Train Trench Crews Unearth Prehistoric Artifacts

Sat September 18, 2004 - West Edition

RENO, NV (AP) Crews digging a train trench through downtown Reno have uncovered an unexpected archaeological bonanza –– a prehistoric site that may be as much as 4,000 years old and unlike any other site discovered in Nevada.

About 80 historic sites have been found so far, but the unexpected time and resources needed for the archaeological site used up the $220,000 in contingency funds for unexpected work. The Reno City Council approved a request on Aug. 25 for an additional $600,000.

A city staff report said the city could afford the increase because of unexpected revenue generated by leasing land the city condemned for the $282 million train trench that will bury the railroad tracks that currently bisect Reno.

Mark Demuth, owner of city contractor MADCON Consultation Services, said the additional money will be used to study the site before it’s destroyed by trench construction.

“This is before what most people who read the newspaper even think of as the history of this area,” Demuth told the Reno Gazette-Journal.

The city is obligated to fund the dig under federal law because the trench is partially paid for by federal dollars.

The site, in what will be the trench’s western end, is unique because it lets archaeologists look at how people used the same location over thousands of years, said project manager Ed Stoner of Western Cultural Resource Management.

While some artifacts such as grinding stones and hearths could date back 700 years, others found deeper in the soil may be as much as 4,000 years old, he said.

Carbon dating will be conducted on the items to get a more precise reading of how far back into history people were occupying the site.

Prehistoric people likely used the area repeatedly over long periods because of its vicinity to the Truckee River as a source of food, but also because the river served as a natural transportation corridor for a nomadic society. Over thousands of years the river flooded repeatedly, covering the encampments with fine silt, Stoner said.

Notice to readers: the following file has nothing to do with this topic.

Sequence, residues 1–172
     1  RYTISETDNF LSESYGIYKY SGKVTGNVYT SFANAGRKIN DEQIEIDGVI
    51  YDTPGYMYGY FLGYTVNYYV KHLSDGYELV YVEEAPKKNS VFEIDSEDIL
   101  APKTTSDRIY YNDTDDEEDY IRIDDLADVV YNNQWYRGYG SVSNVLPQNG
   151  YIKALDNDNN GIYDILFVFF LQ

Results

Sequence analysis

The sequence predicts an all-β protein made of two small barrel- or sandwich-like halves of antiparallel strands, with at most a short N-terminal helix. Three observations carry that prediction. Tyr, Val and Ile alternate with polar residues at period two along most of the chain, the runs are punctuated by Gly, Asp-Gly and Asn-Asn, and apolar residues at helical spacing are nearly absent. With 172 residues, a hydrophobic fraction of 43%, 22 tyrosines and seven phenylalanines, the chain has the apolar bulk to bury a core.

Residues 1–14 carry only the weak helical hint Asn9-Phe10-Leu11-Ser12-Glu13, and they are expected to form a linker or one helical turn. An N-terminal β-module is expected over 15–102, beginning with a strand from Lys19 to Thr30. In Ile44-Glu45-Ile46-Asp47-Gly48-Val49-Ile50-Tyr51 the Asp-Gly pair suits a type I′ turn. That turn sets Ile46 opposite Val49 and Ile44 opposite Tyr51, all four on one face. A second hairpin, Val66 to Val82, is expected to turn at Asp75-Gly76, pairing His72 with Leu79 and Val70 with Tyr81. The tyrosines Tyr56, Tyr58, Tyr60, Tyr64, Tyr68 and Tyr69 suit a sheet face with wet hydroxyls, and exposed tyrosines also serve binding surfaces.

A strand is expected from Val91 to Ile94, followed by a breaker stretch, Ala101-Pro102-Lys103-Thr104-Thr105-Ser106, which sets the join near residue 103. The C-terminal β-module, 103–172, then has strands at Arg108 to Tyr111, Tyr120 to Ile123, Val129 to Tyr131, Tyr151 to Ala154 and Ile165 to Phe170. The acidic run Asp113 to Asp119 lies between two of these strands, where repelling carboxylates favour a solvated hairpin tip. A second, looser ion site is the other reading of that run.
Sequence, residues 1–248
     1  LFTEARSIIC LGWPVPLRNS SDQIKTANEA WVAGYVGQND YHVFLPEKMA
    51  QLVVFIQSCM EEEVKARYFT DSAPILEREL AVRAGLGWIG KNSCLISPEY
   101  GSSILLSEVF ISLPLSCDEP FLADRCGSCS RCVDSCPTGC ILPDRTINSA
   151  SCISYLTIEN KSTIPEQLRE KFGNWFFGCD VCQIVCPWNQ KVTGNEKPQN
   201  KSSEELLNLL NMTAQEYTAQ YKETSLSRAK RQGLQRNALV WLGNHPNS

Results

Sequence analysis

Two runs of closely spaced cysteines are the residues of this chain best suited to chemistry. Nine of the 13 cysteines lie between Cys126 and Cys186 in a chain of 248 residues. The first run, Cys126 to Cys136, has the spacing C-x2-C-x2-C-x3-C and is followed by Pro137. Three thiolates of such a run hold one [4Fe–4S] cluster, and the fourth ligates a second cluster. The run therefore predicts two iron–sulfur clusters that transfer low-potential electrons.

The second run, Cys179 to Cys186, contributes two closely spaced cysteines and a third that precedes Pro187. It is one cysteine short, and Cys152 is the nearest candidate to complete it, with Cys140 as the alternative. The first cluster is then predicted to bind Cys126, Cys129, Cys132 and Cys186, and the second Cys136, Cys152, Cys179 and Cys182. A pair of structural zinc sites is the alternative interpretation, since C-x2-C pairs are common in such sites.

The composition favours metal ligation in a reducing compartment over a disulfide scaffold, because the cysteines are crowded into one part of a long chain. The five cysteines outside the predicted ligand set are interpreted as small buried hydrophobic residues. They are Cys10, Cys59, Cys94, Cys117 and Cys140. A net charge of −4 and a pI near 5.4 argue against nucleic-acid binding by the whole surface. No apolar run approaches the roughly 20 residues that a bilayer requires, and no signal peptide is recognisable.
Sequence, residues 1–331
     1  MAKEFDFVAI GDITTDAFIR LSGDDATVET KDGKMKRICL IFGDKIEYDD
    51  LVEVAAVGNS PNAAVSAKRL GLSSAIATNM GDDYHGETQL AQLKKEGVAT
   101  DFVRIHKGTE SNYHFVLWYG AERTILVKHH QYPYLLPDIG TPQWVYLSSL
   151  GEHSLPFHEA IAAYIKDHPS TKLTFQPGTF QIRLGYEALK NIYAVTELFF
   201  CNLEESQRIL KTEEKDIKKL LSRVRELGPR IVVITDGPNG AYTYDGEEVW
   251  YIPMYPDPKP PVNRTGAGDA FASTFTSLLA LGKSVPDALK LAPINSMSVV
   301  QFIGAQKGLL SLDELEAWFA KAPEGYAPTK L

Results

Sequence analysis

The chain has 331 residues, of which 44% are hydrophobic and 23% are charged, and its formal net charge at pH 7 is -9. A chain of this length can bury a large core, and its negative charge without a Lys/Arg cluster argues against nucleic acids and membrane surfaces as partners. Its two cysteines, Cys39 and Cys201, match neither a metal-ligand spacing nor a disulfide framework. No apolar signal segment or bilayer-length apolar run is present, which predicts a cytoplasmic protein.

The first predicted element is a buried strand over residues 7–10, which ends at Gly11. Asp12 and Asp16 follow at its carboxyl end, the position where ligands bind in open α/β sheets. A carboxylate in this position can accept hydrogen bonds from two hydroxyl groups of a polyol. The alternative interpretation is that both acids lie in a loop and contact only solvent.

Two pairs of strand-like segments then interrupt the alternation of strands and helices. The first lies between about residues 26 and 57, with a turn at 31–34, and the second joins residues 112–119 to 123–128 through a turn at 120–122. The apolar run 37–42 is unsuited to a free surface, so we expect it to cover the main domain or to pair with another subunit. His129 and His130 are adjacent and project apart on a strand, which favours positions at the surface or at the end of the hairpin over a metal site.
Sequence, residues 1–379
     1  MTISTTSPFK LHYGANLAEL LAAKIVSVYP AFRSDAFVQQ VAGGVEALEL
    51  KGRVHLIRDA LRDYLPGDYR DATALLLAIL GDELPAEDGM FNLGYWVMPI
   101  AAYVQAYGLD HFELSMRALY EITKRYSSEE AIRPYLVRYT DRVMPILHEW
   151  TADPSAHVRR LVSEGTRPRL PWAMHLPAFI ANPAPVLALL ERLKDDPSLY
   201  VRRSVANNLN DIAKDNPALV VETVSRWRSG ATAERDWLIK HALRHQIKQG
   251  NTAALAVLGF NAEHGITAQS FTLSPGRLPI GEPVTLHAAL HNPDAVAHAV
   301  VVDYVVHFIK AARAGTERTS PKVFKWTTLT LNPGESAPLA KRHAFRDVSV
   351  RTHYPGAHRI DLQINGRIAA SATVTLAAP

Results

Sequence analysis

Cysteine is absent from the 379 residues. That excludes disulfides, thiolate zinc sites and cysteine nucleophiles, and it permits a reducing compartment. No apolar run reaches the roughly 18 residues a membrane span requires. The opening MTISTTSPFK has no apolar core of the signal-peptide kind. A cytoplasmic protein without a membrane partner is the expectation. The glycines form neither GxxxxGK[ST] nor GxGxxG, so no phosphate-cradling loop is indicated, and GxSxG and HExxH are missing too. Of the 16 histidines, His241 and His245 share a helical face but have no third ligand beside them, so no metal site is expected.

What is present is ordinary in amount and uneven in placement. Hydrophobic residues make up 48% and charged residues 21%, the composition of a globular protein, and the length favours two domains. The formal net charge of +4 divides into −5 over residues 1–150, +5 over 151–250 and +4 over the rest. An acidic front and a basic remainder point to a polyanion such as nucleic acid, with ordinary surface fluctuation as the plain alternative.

Years later, people eventually returned to the area and set up camps again, creating a new layer of evidence. When the river flooded again, the process repeated itself. Stoner has found at least five layers, calling the site a “textbook” example.

“This is a world-class archaeological site,” Stoner said. “It’s a classic situation where we have this stratified site. We have multiple occupations on it.”

One of the most significant discoveries is evidence of a house dating back 1,300 years since it shows people used the site over extended periods, rather than overnight.

“A dome structure over a shallow depression over a little fireplace or hearth,” Stoner said. “That’s what a winter structure may have looked like.”

The project has not interfered with trench construction, and the dig is scheduled to continue for another seven weeks while as many as 14 archaeologists work full time to remove the dirt in centimeter-thick layers and catalogue ground and charred stones, projectile points and animal bones, among other finds.

Demuth said finding the site intact is a matter of luck. It was undisturbed for 130 years because the railroad tracks ran directly over it, and it was only by chance that the Truckee River didn’t wash it away when it changed its course.

With European settlers moving into northern Nevada in the mid-19th century, archaeologists consider anything before 1849 prehistoric. The consensus is that people have inhabited the area for about 12,000 years, Stoner said.

Steve Night Hawk, a member of the Reno-Sparks Indian Colony’s cultural committee, has attended the excavation as a cultural monitor.

“I think it is very important, not just the fact that they’re possibly my ancestors, but also the fact that they’re all of our ancestors,” Night Hawk said.